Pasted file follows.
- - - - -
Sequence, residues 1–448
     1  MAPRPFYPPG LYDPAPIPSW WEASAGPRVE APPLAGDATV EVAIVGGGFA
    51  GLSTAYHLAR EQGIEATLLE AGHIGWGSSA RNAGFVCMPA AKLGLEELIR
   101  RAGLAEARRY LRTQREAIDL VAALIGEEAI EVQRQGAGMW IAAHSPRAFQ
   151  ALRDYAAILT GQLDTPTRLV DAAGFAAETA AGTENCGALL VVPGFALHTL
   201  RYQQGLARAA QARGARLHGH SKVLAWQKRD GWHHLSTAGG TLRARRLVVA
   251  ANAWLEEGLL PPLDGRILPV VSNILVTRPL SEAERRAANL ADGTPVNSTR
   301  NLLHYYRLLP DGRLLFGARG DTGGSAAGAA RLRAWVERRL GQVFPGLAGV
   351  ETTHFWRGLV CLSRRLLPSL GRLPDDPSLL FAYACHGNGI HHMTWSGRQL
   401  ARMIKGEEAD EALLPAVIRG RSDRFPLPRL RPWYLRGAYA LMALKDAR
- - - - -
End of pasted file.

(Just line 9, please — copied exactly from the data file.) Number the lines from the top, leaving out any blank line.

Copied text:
   351  ETTHFWRGLV CLSRRLLPSL GRLPDDPSLL FAYACHGNGI HHMTWSGRQL